Almost instantaneously, after it left my room I leaned up from my bed and quickly turned on the light switch beside me and began sobbing like a baby. I was mortified. I had never felt that type of anguish before in my life. Being tortured and completely helpless at the same time. It’s hard to imagine any type of situation in your life where you are completely and totally helpless. You can always do something if you are able to move your body. But feeling paralyzed gave me such a deep sense of helplessness that I had never felt before. In my now completely conscious and awake mind, what just had happened felt like 100% reality. I was so afraid that whatever it was could come back that I wasn’t going to dare try falling asleep again. After grabbing my phone, I sat in the corner of my room because I didn’t want it to be able to sneak up behind me. I texted some people and then turned on Spongebob on my TV to help change my mood.
This feeling that it left with me didn’t fade away like the feeling after waking up from a nightmare does. Nor did I ever have a sensation of actually “waking-up”. This was all one fluid experience in my mind. In hindsight, I question whether my eyes were in fact open or closed during this experience. After being awake for around ten minutes, I still had no idea what I had just gone through. I didn’t know if it was a nightmare or if I was attacked. It definitely didn’t feel like nightmare. It felt much worse. This is coming from someone who regularly has nightmares. I did what most people do when they have or experience something that they don’t know what is, I looked to Google. I just Googled “thing holding me down in my sleep”. Millions of search results were displayed, so I clicked on the first one which was a Wikipedia article: “Sleep Paralysis”. After reading just the first few sentences, I knew with certainty that it was what I had experienced. Now that I knew what to call this thing, I could look for more information on it. I read many things about it on the internet, including watching YouTube videos posted by tons of people who had gone through what I did. It wasn’t until the next day that I had an ‘a-ha’ moment of realizing this was what my friends from New Zealand were talking about over a year ago. Having known practically nothing about sleep paralysis from that conversation with them, I researched it more on my own. I learned that sleep paralysis experiences do vary slightly from each person, but they all share one thing in common: being visited by the shadow people. This terrified me even more! How can a nightmare, or something that exists in my head that I had never heard of or experienced before be visiting millions of people across the world?! I’m still searching for that answer…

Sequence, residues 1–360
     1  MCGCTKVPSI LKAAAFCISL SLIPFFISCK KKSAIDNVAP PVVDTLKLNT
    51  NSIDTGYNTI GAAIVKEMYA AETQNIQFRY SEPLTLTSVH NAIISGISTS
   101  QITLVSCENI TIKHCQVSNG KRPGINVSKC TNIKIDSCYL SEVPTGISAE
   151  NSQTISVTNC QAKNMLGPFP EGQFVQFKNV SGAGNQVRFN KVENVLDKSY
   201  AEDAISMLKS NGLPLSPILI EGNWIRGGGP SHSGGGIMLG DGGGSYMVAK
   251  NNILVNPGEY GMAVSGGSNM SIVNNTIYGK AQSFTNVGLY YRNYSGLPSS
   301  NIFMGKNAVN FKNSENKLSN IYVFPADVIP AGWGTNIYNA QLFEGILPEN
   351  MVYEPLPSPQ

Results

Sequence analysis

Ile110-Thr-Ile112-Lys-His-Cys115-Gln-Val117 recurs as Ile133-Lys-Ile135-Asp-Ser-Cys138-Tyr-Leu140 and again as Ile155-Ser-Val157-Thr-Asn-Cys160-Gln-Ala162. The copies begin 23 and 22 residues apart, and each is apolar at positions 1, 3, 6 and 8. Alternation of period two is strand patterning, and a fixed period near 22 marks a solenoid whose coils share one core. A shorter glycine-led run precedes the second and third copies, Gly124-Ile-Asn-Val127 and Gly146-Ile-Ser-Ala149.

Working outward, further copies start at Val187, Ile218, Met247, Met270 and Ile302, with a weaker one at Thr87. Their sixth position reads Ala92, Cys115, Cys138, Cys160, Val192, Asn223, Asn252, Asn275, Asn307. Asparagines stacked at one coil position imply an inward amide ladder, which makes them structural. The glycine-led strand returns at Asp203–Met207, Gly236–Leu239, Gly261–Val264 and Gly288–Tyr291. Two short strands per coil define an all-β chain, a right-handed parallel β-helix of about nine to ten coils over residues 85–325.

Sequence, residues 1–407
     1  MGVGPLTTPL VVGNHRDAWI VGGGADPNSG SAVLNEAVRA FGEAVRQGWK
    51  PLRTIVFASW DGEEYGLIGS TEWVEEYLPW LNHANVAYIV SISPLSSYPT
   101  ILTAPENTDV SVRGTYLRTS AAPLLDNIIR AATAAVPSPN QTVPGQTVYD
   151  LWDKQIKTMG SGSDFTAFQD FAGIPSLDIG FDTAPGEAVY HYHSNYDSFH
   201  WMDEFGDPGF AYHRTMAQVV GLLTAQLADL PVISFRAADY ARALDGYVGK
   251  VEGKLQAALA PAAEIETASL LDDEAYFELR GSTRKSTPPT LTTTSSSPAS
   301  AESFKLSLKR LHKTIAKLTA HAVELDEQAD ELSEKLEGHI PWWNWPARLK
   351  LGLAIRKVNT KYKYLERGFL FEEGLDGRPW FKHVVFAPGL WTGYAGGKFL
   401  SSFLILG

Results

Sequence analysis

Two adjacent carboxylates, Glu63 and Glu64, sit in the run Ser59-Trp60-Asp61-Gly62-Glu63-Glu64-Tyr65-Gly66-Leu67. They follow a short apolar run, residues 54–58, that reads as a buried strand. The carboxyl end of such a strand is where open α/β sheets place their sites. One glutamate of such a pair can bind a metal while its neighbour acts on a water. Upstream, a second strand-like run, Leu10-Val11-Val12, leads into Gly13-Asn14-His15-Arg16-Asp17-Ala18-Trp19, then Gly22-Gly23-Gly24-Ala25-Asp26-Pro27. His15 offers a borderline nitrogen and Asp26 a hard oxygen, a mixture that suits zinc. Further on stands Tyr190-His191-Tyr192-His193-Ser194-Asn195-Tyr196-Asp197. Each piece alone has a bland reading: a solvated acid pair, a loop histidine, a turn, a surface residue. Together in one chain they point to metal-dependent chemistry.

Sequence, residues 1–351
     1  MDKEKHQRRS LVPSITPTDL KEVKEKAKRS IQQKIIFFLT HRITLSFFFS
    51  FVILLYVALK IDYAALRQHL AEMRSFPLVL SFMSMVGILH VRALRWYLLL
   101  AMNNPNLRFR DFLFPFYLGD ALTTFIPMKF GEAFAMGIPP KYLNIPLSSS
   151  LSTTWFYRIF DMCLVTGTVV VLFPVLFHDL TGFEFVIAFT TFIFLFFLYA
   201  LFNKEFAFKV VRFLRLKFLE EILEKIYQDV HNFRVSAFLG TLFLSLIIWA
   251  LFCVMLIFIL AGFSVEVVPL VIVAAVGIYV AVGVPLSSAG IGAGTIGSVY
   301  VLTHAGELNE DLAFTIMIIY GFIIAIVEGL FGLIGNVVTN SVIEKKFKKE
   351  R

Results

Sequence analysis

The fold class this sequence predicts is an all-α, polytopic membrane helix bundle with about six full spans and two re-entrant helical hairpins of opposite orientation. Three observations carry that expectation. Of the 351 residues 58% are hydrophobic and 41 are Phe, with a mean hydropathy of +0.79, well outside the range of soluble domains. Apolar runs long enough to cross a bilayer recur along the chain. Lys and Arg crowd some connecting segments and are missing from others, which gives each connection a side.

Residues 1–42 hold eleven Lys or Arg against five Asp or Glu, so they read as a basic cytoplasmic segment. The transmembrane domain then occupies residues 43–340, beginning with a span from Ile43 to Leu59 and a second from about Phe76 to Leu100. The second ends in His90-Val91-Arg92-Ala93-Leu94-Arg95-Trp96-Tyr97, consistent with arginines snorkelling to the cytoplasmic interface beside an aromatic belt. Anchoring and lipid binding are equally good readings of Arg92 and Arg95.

The day following the incident, I had another ‘a-ha’ moment. When I was a young kid, I had nightmares very frequently. I remember waking up screaming in my bed in the middle of the night on many occasions because I was scared. My Mom or Dad would rush into the room to see what was the matter. I just told my parents there was something scary in my room. They probably just asked the typical “did you have a bad dream?”, and I probably nodded. When your parents tell you it was a bad dream, at that age, you just believe them. You don’t question it. I remember having seen the shadow people when I was really young. The more I reminisced on my early childhood, the more descriptive it became and I began to remember specific times it had occurred. I had sleep paralysis many times as a young child, and often refused to stay in my bedroom after it happened. As a young child there is no way that I could have developed the vocabulary, language skills, or intelligence to describe to my parents what I had just seen and experienced. By the time I was 7-8 years old I stopped crying for my parents in the middle of the night. I never had sleep paralysis again until the encounter I mentioned above some sixteen years later.
Every culture has a different name for it, and most have mythical folklore to explain what kind of demon it is trying to steal your soul (Asian cultures), or why you should say your prayers before bed or it’ll get you (Middle-Eastern cultures), or why you should get more sleep, eliminate stress in your life, and eliminate irregular sleeping patterns (Western culture) . Most are vastly different and contradict each other. I view explanations of this experience like I do religions. All theories cannot be correct. There is only truth.
I believe that if I had known anything about sleep paralysis prior to having experienced it, then I wouldn’t have been as scared. Not knowing what it was, or if it were real was the most terrifying part. One thing is for sure, whether this experience is “real” or not, it doesn’t effect us in this world. Maybe it is what psychologist’s say, a strange phenomenon that occurs only in your mind, or maybe it is real, but just in some other dimension that we visit in our sleep…I don’t know. But I do know that I never want to experience it again. If I do, I just hope that I can remember that it won’t have effected me after I wake up.